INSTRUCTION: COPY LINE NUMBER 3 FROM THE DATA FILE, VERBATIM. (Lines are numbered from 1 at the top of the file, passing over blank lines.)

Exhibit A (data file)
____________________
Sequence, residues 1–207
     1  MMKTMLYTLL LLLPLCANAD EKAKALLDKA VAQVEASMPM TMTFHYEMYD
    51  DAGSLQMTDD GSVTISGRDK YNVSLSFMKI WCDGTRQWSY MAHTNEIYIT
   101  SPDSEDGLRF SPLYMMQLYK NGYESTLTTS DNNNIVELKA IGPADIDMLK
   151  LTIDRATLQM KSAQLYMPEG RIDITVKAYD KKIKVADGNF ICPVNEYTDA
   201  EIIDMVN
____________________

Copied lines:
    51  DAGSLQMTDD GSVTISGRDK YNVSLSFMKI WCDGTRQWSY MAHTNEIYIT